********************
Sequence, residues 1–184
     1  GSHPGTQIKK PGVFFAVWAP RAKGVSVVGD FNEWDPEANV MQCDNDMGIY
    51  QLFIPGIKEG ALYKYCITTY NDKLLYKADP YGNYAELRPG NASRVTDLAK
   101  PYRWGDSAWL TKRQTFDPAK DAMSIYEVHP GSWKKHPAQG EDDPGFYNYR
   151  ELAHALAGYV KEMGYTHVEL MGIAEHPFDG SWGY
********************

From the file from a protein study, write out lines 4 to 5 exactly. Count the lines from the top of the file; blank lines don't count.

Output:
   101  PYRWGDSAWL TKRQTFDPAK DAMSIYEVHP GSWKKHPAQG EDDPGFYNYR
   151  ELAHALAGYV KEMGYTHVEL MGIAEHPFDG SWGY